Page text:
* Two largest unions to lead anti-austerity strike on
* Strike adds to concerns over yields as Fed's QE to
* Bond yields highest since December, near unsustainable 7
By Andrei Khalip
LISBON, June 26 Portugal's fourth general strike
in two years on Thursday will highlight the dilemma faced by the
government, which imposed dramatic austerity measures to return
to financial markets after a 2011 bailout only to see its bond
yields soar this month.
While unlikely to be economically-crippling or violent, the
planned strike and protests should send a loud reminder to the
administration that the population blames an economic slump and
record unemployment on its spending cuts and tax hikes.
Its argument that the sacrifices have made it possible for
the country to resume financing via bonds and start paving the
way out of the European Union and International Monetary Fund's
bailout programme by mid-2014 as planned, is wearing thin.
Bond yields have spiked across the periphery of Europe's
single currency zone since the U.S. Federal Reserve said it
would wind down injections of cheap money that investors used to
buy risky bonds. Portugal's yields have risen more than most.
"If we think about it, our future is a dark,
living-under-the-bridge kind of future... But we don't stop
believing, fighting and demanding," said Catarina Vieira, 24,
who plans to take part in rallies and picket lines on Thursday.
Analysts expect the one-day stoppage to close many public
services, halt trains and the Lisbon metro and halve bus
services in the capital, but involve little participation by the
private sector or major utilities.
State-owned airline TAP has warned of possible disruption
but not cancelled any flights.
Striking means losing a day's pay and that is something many
workers' families now simply cannot afford in the third year of
Portugal's worst recession since the 1970s, and the unions'
demands for urgent moves to boost growth may fall on deaf ears.
"We'll call for a new government, because this one is the
death blow to the youth and to the country," Vieira, who has
been unemployed for over a year, one of the record 42 percent of
Portuguese youth who are now jobless.
It will be the second time the two largest labour unions,
with over 1 million members between then, have held a joint
general strike against the government, which came to power right
after Lisbon resorted to an international bailout in mid-2011.
Despite record low approval ratings, the centre-right
coalition has a comfortable majority in parliament and is
practically immune to the opposition's calls to unseat it.
Portugal's 10-year bond yield has soared from three-year
lows of around 5 percent, reached in May when the country sold
its first syndicated benchmark bond since the bailout, to almost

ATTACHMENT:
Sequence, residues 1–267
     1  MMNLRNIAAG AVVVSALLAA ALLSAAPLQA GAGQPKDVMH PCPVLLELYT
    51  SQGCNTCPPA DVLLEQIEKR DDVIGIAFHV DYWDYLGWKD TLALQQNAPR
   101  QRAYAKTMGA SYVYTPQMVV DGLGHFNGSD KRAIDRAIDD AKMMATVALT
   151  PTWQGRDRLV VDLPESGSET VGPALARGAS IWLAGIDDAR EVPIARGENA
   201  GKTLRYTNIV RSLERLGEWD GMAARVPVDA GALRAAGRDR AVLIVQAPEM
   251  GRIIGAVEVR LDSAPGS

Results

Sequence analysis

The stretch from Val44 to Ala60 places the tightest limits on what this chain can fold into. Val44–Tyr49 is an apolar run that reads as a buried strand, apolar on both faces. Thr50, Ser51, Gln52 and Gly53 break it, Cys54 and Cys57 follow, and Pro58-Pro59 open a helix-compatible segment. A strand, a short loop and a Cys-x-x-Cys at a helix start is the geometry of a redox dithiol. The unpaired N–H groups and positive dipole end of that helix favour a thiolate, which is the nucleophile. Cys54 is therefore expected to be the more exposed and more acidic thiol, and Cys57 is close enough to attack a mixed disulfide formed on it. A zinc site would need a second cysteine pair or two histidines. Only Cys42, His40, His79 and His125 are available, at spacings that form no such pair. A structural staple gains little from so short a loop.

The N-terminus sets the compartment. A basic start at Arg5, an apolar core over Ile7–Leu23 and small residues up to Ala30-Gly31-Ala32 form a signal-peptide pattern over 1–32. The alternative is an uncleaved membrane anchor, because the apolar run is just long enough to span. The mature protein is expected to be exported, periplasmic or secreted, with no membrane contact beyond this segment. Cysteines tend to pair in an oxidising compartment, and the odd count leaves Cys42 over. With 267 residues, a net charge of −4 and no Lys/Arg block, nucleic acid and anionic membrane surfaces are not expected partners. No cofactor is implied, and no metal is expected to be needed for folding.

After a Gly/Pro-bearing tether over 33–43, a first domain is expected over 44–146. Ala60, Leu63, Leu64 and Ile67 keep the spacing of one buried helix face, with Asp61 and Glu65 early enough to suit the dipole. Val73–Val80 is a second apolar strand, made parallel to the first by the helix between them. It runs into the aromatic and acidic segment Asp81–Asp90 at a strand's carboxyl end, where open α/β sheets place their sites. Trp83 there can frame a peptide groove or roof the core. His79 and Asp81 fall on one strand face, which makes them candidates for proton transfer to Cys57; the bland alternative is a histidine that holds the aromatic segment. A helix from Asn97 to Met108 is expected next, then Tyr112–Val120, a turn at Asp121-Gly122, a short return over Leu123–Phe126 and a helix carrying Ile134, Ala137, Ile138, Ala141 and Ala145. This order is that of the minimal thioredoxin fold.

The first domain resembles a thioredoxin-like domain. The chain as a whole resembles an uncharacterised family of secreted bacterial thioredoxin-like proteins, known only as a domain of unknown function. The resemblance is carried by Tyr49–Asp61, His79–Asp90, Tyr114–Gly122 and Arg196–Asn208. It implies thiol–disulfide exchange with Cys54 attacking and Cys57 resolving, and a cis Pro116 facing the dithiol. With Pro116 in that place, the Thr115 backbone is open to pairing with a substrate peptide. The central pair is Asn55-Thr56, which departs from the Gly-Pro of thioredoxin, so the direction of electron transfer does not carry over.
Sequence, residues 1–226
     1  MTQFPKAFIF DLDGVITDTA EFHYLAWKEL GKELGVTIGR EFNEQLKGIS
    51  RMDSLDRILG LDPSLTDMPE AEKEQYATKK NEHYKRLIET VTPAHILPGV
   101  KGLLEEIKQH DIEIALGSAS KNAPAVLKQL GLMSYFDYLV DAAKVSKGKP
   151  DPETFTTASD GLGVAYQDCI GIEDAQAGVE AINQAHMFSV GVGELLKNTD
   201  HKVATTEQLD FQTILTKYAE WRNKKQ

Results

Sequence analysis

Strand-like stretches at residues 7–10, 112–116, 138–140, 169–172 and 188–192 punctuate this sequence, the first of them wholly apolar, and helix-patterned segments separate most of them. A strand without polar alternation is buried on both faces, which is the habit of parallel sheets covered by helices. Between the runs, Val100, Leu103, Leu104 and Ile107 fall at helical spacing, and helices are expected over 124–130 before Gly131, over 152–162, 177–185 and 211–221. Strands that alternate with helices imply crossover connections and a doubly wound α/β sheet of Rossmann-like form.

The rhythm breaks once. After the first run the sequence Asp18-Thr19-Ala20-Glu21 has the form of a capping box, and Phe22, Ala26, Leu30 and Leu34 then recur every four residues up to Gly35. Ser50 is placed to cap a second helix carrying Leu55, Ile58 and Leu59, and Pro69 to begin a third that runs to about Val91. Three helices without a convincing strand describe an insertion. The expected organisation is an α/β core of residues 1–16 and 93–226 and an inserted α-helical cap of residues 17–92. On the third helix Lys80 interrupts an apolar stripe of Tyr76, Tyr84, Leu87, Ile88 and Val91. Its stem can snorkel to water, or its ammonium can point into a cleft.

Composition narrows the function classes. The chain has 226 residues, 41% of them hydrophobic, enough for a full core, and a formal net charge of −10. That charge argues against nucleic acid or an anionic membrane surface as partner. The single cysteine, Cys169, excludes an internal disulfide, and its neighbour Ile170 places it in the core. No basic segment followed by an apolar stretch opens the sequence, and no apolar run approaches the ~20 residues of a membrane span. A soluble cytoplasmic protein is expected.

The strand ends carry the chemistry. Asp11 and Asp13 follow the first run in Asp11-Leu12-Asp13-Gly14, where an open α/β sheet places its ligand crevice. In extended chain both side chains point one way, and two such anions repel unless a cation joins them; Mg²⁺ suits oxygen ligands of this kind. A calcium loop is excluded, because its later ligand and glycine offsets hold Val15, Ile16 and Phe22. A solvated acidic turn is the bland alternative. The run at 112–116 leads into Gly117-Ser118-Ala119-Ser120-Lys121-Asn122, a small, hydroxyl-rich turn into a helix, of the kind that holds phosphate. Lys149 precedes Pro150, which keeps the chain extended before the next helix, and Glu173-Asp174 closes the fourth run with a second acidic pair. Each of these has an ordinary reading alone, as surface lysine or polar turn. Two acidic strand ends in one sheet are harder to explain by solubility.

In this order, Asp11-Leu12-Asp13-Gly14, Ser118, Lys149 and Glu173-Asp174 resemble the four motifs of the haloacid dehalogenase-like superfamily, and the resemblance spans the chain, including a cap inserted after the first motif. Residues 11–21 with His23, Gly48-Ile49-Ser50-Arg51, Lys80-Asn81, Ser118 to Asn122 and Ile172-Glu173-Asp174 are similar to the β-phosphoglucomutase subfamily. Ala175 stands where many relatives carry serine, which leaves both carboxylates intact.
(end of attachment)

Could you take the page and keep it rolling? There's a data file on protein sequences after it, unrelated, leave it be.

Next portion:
7 percent now - its highest since December. Still, the yield is
well below last year's record of over 17 percent.
"Thank God Portugal got its 10-year bond sold, it wouldn't
stand a chance in hell to do that now," said Nicholas Spiro,
Managing Director at Spiro Sovereign Strategy in London.
On Tuesday, Finance Minister Vitor Gaspar downplayed the
rise in the yield, telling parliament he expected to resume
regular bond auctions this year.
Also undermining Portugal's prospects of regaining full
access to market financing are investor doubts whether the
European Central Bank will ever use its yet untested bond-buying
programme. The ECB's pledge last July to do whatever it takes to
preserve the euro made yields plummet and stay low until May.
The strike has added to investor concerns, especially after
violent protests in Turkey and Brazil, although analysts do not
expect such spontaneous unrest in Portugal.
"Austerity fatigue and the ongoing recession leave Portugal
vulnerable. Riots in other countries have left the market a bit
overly concerned," said David Schnautz, interest rate strategy
director at Commerzbank in New York. "But then it could be a
positive for Portugal if it ends without violence."
There was still a good chance yields would fall to make bond
auctions or swaps possible by September, he said.
Viriato Soromenho Marques, a political scientist with the
University of Lisbon, said the strike would not unseat the
government but any more austerity measures beyond those planned
until 2015 could trigger "a stronger reaction in the streets".
The government is sticking with its plan to 2015, but has
hinted it will rather seek an easing of bailout targets than
impose more austerity beyond that.
Celia Rocha, 32 and an accountant in a small printing
company, said she will work on Thursday.
"My heart goes out to those who strike to defend their jobs,
but these stoppages affect me and my job. If my company shuts
down, what am I supposed to do?" she said as she waited in the
scorching sun outside a ferry terminal in Lisbon, shut by a
partial strike preceding Thursday's labour action.
"We are in a very sad situation, there appears to be no way
out, strikes or no strikes."